A Happy Land. . . Somewhere

Where the skies look down on a friendly town. . .

Where the skies look down on a friendly town. . .(Watercolor by Vernon P. Johnson)

There is a sub-genre of popular music that is called “inspirational music.” And while there are a few exceptions, the perspective of such music is almost exclusively Christian, with its references to church bells, chapels, and cathedrals. Such music includes I Believe In Miracles (1935), There’s A Gold Mine In The Sky (1937), Cathedral In The Pines (1938), God Bless America (1939), Praise The Lord And Pass The Ammunition (1942), Light a Candle In The Chapel (1942), and Crying In The Chapel (1953), to mention just some of the more popular songs in this genre.

Also in this category is a song written in 1944 by David Kapp, Charles Tobias entitled, Just A Prayer Away. This “inspirational piece” is a World War Two song that declares that the end of the war is “just a prayer away.”

It seems that comedian Eddie Cantor was thinking much the same thing when he declared in a March 1945 radio broadcast the following: “You know victory is just a prayer away. The physical implements of war are speeding to our men in ever-increasing strength. But let us send them, too, the spiritual implements. Our faith, our love, our prayers. Let us go to our churches … now, today, tomorrow. You to yours, I to mine … God is always there … and peace may come one day sooner if you will work for it and pray for it at your church, synagogue and at home. The church lives for you. In lands of tyranny, when all the institutions of civilization – science, art and government – succumbed to the will of the oppressor, it was religion that alone stood out and resisted evil. So let us fill the churches with our prayers for a just and lasting peace … Let our pleas be heard around the world so that within the churches of the conquered countries they will hear and know that a greater day is coming for all people … everywhere. That through prayer we will be united … with peace on earth … and good will toward men of good will.”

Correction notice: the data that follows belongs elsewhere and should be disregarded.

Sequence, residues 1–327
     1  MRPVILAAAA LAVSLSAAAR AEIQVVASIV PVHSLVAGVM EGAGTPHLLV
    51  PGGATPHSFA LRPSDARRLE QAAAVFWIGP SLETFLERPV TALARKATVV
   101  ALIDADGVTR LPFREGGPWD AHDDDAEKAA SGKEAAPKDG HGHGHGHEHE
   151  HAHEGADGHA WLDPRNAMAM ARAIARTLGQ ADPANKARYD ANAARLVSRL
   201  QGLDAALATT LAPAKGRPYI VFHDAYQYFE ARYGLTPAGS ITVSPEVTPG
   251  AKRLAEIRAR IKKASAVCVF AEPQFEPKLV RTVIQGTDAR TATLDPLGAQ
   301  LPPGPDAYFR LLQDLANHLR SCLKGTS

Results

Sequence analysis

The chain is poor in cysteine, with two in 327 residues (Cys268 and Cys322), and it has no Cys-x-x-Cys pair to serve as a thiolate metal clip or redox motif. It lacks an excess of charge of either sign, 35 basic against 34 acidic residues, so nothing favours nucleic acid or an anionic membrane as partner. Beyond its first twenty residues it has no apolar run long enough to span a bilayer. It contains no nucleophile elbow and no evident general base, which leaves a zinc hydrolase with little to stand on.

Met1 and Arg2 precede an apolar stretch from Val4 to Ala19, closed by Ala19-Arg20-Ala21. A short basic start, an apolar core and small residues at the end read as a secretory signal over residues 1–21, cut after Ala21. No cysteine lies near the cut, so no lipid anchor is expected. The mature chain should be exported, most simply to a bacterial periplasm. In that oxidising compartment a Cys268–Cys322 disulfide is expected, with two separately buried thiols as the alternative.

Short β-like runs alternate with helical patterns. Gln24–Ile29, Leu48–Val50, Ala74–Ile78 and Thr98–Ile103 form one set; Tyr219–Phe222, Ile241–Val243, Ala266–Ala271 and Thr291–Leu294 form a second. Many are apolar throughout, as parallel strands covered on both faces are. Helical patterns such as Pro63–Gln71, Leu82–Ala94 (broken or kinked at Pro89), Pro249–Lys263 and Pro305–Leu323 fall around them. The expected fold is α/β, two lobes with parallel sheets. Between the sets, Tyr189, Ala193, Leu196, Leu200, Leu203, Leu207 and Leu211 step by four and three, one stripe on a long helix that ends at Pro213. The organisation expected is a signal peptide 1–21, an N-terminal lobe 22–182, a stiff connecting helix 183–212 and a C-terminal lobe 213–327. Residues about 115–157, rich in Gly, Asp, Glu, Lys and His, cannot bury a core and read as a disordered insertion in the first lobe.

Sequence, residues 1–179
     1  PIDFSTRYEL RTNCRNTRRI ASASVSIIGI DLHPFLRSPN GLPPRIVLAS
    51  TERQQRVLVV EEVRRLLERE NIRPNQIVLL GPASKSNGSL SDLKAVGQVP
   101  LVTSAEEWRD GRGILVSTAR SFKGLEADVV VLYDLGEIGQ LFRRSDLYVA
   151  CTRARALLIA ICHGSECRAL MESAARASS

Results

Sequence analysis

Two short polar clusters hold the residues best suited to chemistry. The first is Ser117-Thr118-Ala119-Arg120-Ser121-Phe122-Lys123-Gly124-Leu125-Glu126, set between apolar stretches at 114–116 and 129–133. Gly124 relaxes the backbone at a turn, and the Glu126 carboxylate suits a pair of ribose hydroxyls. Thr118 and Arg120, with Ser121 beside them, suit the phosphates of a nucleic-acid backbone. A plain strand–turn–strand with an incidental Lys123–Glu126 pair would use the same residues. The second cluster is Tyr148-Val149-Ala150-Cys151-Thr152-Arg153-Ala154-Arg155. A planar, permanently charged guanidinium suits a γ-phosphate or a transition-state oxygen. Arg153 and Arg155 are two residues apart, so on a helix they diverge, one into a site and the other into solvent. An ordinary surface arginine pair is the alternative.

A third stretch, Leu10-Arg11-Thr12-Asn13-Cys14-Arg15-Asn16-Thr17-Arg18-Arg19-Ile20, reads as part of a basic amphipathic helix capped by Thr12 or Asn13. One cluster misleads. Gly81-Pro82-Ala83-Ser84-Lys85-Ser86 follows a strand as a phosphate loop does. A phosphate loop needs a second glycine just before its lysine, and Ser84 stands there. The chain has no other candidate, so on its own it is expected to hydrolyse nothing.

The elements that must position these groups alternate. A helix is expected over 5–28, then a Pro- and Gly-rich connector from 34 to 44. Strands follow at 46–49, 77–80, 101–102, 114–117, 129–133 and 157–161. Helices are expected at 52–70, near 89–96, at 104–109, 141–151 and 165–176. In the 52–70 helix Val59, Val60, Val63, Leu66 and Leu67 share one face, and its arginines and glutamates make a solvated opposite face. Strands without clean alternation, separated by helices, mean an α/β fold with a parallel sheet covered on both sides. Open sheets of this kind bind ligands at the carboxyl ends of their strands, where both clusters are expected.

Just A Prayer Away reached #4 on the Billboard charts in April, 1945. The big hit recording was that of Bing Crosby, although Sammy Kaye’s version was also popular, peaking at #10 the same year.

In the song, it is the understanding of the narrator that prayer can bring one to a place where that person will be more content:
There’s a happy land somewhere
And it’s just a prayer away
All I’ve dreamed and planned is there. . .
The words sound as if they are an illusion to heaven, but as the song continues, the focus seems to be contentment in the present life. In this happy land:
Where the skies look down on a friendly town
Filled with laughing children at play. . .

Written in 1944, the lyrics appear to be sung from the viewpoint of an American serviceman overseas looking forward to the day when he returns home. He longs for the “somewhere”:
Where my heart will sing, for it means one thing
I’ll be home at the close of each day. . .

It seems a bit ironic to me that the song is so vague about the location of the “happy land somewhere,” considering the narrator’s probable viewpoint and the galvanizing support for our going to a war that was a “just war.” A clear patriotic meaning would have made more sense, given the timing of the song’s release.

Here are the complete lyrics of the David Kapp and Charles Tobias song:
There’s a happy land somewhere
And it’s just a prayer away
All I’ve dreamed and planned is there
And it’s just a prayer away

Where the skies look down on a friendly town
Filled with laughing children at play
Where my heart will sing, for it means one thing
I’ll be home at the close of each day
There’s a happy land somewhere
And it’s just a prayer away

(Where the skies look down on a friendly town)
(Filled with laughing children at play)

Where my heart will sing, for it means one thing
I’ll be home at the close of each day
There’s a happy land somewhere
And it’s just a prayer away

To listen to a version of the song, click on the song title. To download a song, right click on the song title, then right click on Save target as
Bing Crosby with the Ken Darby Singers, Ethel Smith at the Organ, and Victor Young and his Orchestra Just A Prayer Away
(Swing and Sway with) Sammy Kaye, vocals by Billy Williams and the Kaye Choir Just A Prayer Away

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Filed under Pop Music

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